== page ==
The Department of Motor Vehicles is possibly the most depressing place on earth, Miranda thought. The cheap-ass Wal-Mart tinsel strung half-heartedly against the dark-paneled wall did nothing to help and might have even exacerbated the general sense of ennui that hung palpably in the air.
If the zombie apocalypse ever breaks out, she liked to think, it will start here, because everybody I work with is already half zombie.
There was Susan, the plump fifty-something with eyes deadened by painkillers, who popped Tramadol like candy because of a disc issue, Joanie, the middle aged bleached blond who wore braces on her forearms to compensate for the debilitating carpal tunnel that she ceaselessly complained about, and Patricia, the 22-year-old high school dropout who shuffled back and forth all day long from copier to filing cabinet, smacking gum and twirling her stringy brown hair.
And in the midst of them all was Miranda. It was only a matter of time before she joined the ranks of the undead, she thought. Between the fluorescent lights and the smell (decades of old cigarette smoke, printer ink, and stale coffee), she was certain to turn her brain over as well.
It wasn’t that she minded the work. She found the endless stream of humanity that came to get vehicles registered or apply for licenses or transfer titles to be really interesting, even if they weren’t always at their best after standing in line for an hour. She always tried to make it less painful by smiling brightly and making conversation.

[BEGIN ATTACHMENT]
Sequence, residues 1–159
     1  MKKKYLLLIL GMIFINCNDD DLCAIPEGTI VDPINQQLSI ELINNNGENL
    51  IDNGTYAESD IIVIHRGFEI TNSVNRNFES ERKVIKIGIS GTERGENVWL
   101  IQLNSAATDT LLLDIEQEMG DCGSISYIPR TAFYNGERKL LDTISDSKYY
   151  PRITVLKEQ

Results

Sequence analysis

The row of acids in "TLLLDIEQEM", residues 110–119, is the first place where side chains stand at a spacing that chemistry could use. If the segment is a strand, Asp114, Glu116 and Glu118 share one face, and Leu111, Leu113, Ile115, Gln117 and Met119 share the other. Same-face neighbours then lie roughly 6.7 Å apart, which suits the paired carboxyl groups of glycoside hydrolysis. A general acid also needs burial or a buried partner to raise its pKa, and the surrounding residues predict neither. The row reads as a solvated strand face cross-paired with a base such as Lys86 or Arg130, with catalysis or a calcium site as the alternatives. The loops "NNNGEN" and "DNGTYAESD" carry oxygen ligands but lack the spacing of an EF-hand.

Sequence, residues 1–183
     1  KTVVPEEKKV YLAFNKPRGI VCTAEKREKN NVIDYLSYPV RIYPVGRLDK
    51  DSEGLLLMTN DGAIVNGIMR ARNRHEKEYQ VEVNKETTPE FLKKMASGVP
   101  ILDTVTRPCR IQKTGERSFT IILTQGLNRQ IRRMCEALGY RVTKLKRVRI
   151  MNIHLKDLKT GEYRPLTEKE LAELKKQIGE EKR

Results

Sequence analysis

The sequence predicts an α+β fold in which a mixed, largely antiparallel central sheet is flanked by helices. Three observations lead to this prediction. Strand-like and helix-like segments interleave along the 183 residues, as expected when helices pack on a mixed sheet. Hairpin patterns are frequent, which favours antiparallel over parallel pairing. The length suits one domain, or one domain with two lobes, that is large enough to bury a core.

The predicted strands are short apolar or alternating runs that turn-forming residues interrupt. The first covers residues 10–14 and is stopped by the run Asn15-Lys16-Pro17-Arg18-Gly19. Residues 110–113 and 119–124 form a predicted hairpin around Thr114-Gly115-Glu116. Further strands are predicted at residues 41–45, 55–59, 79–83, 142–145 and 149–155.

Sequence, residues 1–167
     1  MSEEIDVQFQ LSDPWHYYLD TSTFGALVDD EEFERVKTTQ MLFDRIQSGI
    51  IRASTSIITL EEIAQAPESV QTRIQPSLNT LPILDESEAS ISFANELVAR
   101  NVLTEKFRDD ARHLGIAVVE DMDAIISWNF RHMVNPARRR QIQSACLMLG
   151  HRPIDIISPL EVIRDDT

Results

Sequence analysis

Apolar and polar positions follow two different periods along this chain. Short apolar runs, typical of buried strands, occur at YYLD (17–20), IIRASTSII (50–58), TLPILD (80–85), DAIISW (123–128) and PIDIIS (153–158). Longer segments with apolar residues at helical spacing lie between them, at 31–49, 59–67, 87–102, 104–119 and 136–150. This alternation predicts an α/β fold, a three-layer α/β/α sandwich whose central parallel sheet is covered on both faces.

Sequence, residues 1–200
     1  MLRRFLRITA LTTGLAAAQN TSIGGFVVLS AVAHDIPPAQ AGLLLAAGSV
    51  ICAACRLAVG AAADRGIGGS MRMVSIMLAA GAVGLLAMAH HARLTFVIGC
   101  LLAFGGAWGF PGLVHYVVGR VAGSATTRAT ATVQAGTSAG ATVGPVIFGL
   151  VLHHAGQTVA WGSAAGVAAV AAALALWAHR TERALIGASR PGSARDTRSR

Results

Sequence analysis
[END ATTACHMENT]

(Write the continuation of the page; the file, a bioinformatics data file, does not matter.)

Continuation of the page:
She noticed that during the busiest times, men would subtly jockey for position so she could wait on them. Joanie and Susan noticed it too, and it pissed them off, but what did she care? She had phone numbers slipped to her by the flirtiest men, which always made her laugh before placing them into the shredder. The few times she had taken one of them up on a date, it had ended badly. She had a strange suspicion that accepting numbers at the DMV doomed the relationship before it even started.
On the Monday after Brenda died, she had Noah, who sat quietly on the counter as she worked. The daycare would not be open for another two days, and her boss, Mr. Eddie McGraw—a corpulent man who wore a cowboy hat to cover his shiny bald head and who had a slight crush on her—told her it was OK to bring the boy.
Noah was studiously counting a pile of change she gave him as she waited on an old woman who needed to register her brand new Corvette.
“What are you going to do with a Corvette, Mrs. Weinstein?” she asked the woman with a wink. “You gonna go chase down a young hottie?”
“You know it, girlie,” the blue haired woman smiled. “My husband, God rest his soul, left me money and a half to live on and now that I’ve given enough away to sooth my conscience I’m getting something for me! My grandkids will have the coolest grandma in town.”
“They sure will,” Miranda laughed. “But can you fit them in the back seat?”
“Who cares?” she cackled, bringing a smile, even, to Susan’s sour face. As the old woman stumped out, Joanie flipped the closed sign and they all began to shut down their computers and close up their stations.
“Anybody hand you a phone number today?” she said tersely as Miranda set a pile of papers atop the shredder.
“Not today, Joanie. I thought maybe that chick with the pierced nose was going to give me hers, but I guess I was wrong.”
This shut Joanie up.
“Mama, is it time to go home?” asked Noah as he swung his small legs, crashing them into the filing cabinets below. Joanie scowled and shushed him.
“Yes honey, finally time to go home. You were a really good boy today.”